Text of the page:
Summer music sensation Meghan Trainor surprised everyone by taking over the radio waves with the infectious contemporary doo-wop body image anthem “All About That Bass,” a song very different from its electronic or hip hop based objectifying counterparts.
The song has dominated the airwaves and has even been the subject of controversy; some calling the song prejudice against thin women or anti-feminist by presenting women as a physical object for men to use and abuse.
Nevertheless the song is catchy and empowering for a group of women who rarely, if ever get anthems to themselves.
Trainor, 20-years-old was born and raised in Massachusetts is an accomplished songwriter. She’s been writing songs since she was 11 and at 17 she was signed as a songwriter to prominent independent music publisher in Nashville.
In the spring, Trainor wrote the now popular summer anthem, “All About That Bass” with Grammy nominated producer Kevin Kadish. Several popular female artists vied for the rights to record the song but legendary producer L.A. Reid heard Trainor’s demo and immediately signed her to Epic Records.
Early morning of Sept. 9, Trainor dropped her first EP aptly named, “Title.”
The EP contains four songs all written and produced by Trainor and Kadish.
The writing of each song feels extremely personal to Trainor but the relatable factor is definitely there. Trainor’s lyrics speak to young women who may have experienced body image anxiety or gone through relationship issues. The song is inspiring and empowering to these matters and does not play into the demeaning or depressing side of image issues and relationship troubles.
Trainor and Kadish definitely keep the music in the upbeat pop category but the songs sound very different and can definitely stand on their own as singles in their own time.
Summer’s smash hit, “All About that Bass” opens up the album with the contemporary blues jazz beat. The song is about appreciating yourself and for you to know that there is someone out there who loves you just for who you are despite what you perceive.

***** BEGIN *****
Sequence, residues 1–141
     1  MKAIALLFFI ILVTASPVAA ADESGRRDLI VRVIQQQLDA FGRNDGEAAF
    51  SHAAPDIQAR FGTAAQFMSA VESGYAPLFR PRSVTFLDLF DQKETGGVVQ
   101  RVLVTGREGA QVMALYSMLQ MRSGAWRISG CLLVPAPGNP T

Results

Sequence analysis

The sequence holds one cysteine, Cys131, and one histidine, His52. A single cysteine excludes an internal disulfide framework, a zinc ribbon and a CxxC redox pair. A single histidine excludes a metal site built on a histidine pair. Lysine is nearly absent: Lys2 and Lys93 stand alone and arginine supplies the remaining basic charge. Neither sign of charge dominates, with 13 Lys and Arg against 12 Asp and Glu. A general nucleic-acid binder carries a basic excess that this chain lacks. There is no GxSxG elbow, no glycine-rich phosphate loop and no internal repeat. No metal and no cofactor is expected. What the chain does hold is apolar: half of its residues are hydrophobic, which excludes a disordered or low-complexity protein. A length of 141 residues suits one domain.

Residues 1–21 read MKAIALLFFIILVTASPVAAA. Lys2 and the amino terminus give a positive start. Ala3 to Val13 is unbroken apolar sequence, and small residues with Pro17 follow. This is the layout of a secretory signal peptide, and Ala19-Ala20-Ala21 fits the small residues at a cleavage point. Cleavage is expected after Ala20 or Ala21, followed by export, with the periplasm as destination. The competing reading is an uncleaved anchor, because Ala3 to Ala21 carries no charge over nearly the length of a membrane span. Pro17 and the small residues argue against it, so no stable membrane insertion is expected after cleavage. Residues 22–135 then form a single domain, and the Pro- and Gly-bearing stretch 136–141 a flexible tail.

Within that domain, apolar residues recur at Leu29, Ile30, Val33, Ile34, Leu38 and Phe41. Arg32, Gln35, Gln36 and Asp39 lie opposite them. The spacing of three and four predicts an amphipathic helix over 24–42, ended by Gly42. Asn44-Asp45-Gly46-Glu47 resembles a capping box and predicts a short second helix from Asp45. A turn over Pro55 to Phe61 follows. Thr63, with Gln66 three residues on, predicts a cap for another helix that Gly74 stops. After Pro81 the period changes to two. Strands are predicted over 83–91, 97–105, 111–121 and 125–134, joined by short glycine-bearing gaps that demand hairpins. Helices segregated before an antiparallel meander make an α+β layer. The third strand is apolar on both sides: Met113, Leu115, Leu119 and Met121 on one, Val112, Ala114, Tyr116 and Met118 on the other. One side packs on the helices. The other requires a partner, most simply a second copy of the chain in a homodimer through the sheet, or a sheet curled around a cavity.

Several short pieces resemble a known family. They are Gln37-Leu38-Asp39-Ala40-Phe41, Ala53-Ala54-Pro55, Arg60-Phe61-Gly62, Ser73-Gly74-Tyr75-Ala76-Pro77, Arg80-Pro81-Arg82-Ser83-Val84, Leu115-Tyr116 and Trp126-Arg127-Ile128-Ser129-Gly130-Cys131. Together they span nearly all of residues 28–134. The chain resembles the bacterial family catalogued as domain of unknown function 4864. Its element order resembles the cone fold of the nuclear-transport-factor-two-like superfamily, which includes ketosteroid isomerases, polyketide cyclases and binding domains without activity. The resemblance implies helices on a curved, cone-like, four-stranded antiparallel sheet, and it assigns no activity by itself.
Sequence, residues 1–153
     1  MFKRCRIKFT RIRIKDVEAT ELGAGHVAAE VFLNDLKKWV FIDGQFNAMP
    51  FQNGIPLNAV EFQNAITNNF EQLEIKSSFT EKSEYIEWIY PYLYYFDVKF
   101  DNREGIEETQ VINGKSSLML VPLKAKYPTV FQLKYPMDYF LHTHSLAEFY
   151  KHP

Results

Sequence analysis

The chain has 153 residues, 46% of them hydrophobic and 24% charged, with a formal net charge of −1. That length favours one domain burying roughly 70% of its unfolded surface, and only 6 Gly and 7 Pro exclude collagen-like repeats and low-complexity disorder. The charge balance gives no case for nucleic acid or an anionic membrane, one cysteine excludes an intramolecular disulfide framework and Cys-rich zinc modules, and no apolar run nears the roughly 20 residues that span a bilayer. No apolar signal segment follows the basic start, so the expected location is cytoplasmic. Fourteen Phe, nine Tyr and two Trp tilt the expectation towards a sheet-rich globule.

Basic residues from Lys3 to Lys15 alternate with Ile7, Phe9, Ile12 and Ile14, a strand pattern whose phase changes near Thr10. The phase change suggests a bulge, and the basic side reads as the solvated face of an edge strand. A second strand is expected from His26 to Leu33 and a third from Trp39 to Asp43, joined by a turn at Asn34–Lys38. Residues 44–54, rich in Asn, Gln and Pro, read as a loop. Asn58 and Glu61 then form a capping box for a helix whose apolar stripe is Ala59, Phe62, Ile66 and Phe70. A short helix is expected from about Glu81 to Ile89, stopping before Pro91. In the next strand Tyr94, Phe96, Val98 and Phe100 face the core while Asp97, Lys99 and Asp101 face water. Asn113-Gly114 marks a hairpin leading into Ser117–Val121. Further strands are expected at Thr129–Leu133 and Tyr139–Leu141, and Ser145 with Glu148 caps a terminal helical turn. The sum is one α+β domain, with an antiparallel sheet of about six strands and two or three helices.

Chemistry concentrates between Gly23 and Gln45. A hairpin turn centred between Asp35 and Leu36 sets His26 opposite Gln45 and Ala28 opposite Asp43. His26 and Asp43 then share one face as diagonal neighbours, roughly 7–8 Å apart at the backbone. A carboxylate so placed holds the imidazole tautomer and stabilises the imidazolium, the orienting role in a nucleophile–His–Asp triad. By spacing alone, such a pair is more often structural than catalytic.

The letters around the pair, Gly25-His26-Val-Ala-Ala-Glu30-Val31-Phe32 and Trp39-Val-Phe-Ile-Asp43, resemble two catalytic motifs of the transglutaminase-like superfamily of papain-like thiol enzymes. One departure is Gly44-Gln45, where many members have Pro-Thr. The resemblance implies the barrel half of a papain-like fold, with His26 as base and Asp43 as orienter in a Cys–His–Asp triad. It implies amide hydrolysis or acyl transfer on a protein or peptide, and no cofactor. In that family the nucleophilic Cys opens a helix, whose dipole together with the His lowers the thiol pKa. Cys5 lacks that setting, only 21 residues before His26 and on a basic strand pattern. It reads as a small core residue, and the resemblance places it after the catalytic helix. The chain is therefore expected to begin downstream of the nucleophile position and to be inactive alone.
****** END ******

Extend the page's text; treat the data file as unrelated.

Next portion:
The second song on the EP and the albums namesake “Title,” features Trainor’s diverse musical tastes. Still keeping in the positive upbeat pop genre, the featured intstrument on the song is a ukulele. Trainor sings about not letting the labels others give her affect how she views herself.
The second single off the EP, “Dear Future Husband,” is Meghan Trainor’s list of situations her future spouse may find themselves in when they enter a relationship with her. The sound is very doo-wop inspired and impeccably produced. Her word play and vocal skills are the stars of this song.
The last and final song on the EP is titled, “Close Your Eyes.” The song has a slow old-school R&B; feel. One can even imagine Trainor sitting on a wooden stool on a dark stage singing her soul out. Again, the song plays into the positive empowering of “I’m beautiful and you’re beautiful” theme.
There’s some production choices with the track that first seem questionable but brings that contemporary and modern sound that will be the key to the song’s success. Again, Trainor’s vocals are stunning and impressive.